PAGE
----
Today’s post is the first on a series that will explore unexpected problems that can threaten real estate deals.
Today we will explore your options if a bank or other mortgage lender threatens to turn down your application because of your employment history or income level.
The problem . . .
Maybe your income is simply not as high as what the bank likes to see from loan applicants. Perhaps you have only had your current job for a few months. Or maybe you were unemployed for six months two years ago. And suddenly you are hearing about those problems from the bank where you applied for a mortgage loan.
For institutions that run ads claiming to want your business, banks are pretty finicky. It seems that they can come up with an endless number of reasons for turning you away!
But there are solutions you can apply if you encounter this problem . . .
- Offer to make a larger down payment. If you can offer 30% or even 25%, some banks will offer you a mortgage without verifying your employment or income.
- Find a partner, a relative or other person who can cosign for the loan with you. It’s a strategy that usually pleases banks. But remember that your cosigner is taking a risk. If you default on mortgage payments, he or she will be as responsible as you will.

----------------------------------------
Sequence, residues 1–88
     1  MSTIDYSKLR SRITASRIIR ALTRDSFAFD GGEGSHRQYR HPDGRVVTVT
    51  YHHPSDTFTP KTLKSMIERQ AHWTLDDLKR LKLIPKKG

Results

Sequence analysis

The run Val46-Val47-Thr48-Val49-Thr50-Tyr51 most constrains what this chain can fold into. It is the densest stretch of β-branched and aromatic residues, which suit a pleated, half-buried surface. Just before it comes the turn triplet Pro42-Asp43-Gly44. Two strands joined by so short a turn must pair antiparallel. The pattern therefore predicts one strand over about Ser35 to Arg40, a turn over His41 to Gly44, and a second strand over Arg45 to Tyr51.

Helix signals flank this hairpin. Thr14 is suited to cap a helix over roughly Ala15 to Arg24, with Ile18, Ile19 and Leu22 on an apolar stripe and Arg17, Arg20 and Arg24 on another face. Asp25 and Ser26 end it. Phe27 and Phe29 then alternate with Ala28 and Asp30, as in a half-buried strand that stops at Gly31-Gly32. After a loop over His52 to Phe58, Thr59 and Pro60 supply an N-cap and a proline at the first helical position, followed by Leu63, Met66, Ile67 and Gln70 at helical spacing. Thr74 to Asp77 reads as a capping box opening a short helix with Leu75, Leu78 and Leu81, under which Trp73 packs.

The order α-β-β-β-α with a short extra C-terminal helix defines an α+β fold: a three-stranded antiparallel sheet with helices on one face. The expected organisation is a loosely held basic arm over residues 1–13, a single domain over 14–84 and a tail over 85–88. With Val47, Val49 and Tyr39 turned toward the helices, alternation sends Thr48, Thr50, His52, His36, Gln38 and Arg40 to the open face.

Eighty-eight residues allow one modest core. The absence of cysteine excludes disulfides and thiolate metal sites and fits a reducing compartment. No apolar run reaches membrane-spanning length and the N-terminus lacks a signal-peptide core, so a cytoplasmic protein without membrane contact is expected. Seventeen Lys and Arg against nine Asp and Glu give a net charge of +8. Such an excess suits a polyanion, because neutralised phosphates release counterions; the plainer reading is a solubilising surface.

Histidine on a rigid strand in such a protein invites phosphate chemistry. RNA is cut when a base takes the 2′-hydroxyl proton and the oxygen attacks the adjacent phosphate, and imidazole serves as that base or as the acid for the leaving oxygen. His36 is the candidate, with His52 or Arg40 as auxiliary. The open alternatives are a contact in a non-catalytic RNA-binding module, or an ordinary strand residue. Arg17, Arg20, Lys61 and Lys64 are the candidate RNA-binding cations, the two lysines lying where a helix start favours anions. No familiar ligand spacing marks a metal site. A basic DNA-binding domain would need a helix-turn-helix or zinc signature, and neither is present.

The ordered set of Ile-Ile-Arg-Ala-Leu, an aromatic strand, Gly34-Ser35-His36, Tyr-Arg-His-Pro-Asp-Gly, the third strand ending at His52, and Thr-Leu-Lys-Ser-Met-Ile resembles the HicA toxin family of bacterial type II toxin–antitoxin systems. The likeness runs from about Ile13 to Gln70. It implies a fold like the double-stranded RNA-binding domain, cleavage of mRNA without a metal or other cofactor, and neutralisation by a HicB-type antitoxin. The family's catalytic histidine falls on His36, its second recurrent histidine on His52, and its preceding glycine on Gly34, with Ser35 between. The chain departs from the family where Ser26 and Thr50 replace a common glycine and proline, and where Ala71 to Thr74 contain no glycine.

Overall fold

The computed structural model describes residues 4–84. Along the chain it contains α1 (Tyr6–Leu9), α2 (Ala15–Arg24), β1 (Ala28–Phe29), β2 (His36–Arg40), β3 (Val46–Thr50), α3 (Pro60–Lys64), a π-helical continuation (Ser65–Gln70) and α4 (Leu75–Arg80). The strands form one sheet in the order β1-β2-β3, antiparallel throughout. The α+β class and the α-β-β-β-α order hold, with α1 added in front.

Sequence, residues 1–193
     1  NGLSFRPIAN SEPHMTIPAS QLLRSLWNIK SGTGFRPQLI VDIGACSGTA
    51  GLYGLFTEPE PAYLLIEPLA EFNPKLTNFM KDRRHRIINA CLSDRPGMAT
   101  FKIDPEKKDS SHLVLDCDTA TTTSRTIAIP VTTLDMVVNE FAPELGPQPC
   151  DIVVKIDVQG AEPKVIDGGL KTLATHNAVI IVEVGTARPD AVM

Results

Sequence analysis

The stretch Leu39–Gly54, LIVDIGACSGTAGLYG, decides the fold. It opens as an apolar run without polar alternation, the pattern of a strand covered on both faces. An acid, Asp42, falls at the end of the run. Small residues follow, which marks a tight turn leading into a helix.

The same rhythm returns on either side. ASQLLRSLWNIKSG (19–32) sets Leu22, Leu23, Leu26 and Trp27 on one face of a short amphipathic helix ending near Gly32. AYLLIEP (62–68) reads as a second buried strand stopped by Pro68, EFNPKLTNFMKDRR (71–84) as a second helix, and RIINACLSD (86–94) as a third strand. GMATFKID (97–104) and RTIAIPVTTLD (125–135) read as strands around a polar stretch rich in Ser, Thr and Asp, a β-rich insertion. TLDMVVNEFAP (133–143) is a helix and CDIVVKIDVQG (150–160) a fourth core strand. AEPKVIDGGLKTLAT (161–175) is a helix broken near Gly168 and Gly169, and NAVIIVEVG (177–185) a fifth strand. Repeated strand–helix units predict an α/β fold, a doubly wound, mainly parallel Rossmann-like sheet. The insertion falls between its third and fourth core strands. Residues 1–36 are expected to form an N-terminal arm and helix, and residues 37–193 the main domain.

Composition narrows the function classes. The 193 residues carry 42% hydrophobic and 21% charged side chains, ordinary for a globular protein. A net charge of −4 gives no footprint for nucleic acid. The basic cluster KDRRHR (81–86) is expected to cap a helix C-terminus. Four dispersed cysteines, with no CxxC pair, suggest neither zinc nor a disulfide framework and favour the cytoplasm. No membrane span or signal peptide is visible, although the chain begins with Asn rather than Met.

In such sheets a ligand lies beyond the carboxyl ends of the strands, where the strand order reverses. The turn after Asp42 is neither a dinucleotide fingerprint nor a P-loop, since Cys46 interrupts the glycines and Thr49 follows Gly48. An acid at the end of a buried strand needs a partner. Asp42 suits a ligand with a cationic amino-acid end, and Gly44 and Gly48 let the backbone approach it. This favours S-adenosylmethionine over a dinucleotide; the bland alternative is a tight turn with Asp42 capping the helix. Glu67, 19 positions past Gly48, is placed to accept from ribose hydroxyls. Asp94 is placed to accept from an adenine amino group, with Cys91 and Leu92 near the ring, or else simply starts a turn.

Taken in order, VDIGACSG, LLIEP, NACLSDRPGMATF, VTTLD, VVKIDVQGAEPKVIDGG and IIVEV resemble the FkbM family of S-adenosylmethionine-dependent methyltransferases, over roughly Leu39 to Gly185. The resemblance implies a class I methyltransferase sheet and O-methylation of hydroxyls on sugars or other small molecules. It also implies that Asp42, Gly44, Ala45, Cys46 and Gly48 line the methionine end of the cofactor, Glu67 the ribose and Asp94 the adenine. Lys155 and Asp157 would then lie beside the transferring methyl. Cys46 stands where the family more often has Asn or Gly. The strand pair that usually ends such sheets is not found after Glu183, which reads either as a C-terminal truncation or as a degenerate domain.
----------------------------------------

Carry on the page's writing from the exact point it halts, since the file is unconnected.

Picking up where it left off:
- Apply for mortgages from several lending institutions. The fact that you have applied to one lender does not prevent you from speaking with others. Because banks can be eager to win your business, try explaining the snags that you encountered with your first application and see if they can do better.
- Consider applying for loan types that you might not have considered when you filed your first application. Variable rate and balloon mortgages, for example, can be easier to obtain than fixed-rate loans. So if you encounter snags, ask your bank whether you could qualify for a different type of loan.
- Use a mortgage broker to find a mortgage for you. Mortgage brokers represent multiple lending institutions and try to connect them with borrowers. One of the larger ones is Lending Tree (http://www.lendingtree.com). You can learn more about mortgage brokers from the National Association of Mortgage Brokers (http://www.namb.org).